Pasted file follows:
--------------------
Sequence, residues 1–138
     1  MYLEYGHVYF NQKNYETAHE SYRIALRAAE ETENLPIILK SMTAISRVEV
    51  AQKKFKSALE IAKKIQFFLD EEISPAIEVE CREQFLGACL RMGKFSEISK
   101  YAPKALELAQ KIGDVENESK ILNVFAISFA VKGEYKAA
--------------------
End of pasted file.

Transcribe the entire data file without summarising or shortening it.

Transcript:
Sequence, residues 1–138
     1  MYLEYGHVYF NQKNYETAHE SYRIALRAAE ETENLPIILK SMTAISRVEV
    51  AQKKFKSALE IAKKIQFFLD EEISPAIEVE CREQFLGACL RMGKFSEISK
   101  YAPKALELAQ KIGDVENESK ILNVFAISFA VKGEYKAA